Laura Sophie Hildesheim

Doctoral Student

Research

I have a background in plant evolutionary ecology, and I am especially interested in plant-insect interactions and the evolution of floral traits. Flowers are complex phenotypes and allow us to study multivariate phenotypic evolution following environmental change, like for example the response to variation in the pollination environment.

For my PhD I will study pollinator-driven evolution of floral traits with a focus on floral scent. Floral scent is a complex floral trait and can serve as a specialized pollinator reward. I use the genus Dalechampia (Euphorbiaceae) which exhibits a diversity of specialized pollinator reward systems (fragrance, resin, and pollen). I will study how the pollinator shifts and the evolution of fragrance rewards occurred in this genus. I will be combining greenhouse studies, lab, and fieldwork.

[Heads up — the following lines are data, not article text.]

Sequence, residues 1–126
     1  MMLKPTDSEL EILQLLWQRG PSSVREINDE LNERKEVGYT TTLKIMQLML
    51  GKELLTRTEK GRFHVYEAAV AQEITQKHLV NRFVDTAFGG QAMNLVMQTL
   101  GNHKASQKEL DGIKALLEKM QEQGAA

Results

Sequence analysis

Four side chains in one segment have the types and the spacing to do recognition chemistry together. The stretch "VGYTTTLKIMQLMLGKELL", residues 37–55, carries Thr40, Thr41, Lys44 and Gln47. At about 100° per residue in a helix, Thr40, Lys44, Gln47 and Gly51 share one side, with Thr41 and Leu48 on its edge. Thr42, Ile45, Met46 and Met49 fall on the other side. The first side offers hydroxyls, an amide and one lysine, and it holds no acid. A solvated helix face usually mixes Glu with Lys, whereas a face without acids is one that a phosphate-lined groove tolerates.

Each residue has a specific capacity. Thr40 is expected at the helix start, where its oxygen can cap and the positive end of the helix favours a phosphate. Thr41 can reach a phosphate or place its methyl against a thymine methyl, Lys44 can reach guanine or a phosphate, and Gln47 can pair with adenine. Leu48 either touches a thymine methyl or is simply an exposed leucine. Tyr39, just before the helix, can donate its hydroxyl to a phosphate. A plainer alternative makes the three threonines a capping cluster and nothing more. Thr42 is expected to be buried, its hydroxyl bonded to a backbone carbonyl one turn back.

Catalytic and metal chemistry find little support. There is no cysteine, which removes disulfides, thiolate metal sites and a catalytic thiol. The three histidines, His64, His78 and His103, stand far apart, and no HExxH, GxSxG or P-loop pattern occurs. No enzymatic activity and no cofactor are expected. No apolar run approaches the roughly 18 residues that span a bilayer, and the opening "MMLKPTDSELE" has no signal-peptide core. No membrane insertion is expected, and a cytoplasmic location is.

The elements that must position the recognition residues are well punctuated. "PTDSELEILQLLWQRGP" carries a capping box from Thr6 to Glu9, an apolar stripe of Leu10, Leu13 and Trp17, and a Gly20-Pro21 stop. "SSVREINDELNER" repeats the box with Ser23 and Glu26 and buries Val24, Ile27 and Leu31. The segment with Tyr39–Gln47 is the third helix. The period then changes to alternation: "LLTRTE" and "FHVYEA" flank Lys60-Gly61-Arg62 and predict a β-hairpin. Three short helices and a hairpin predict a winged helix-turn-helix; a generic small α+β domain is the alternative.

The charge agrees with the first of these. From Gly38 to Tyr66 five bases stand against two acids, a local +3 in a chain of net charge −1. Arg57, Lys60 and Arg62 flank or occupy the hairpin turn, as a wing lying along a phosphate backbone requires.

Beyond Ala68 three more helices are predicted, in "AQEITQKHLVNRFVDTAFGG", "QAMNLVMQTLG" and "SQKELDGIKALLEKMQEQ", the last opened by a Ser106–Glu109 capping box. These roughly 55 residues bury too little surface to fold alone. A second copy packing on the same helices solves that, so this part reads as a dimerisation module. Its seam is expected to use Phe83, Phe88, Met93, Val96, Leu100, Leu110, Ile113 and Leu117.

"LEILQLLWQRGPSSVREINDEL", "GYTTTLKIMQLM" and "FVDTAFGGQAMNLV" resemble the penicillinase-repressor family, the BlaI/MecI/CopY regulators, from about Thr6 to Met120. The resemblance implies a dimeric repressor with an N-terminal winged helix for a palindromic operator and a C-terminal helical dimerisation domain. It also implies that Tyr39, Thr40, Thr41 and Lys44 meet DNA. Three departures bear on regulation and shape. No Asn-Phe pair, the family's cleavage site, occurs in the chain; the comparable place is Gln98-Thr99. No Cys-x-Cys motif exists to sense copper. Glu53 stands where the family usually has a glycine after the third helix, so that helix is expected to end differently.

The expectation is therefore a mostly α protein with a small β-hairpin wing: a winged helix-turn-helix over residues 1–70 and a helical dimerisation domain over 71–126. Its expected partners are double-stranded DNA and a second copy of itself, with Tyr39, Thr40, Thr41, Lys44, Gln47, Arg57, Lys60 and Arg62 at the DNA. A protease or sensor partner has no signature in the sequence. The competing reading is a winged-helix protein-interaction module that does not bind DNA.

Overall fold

First, I assess patterns of floral scent composition in Dalechampia in a greenhouse common garden and map floral chemistry onto a phylogeny of the genus. I quantify among-species as well as within-species variation in floral scent composition in species with specialized reward systems, including resin rewards and fragrance rewards. Second, I study patterns of covariation between floral scent and other floral traits to get a more holistic view of the flowers. Finally, I study variation in scent emission and composition among species and populations and establish a link with spatial and temporal variation in the pollination environment using field data on pollinator activity and community composition.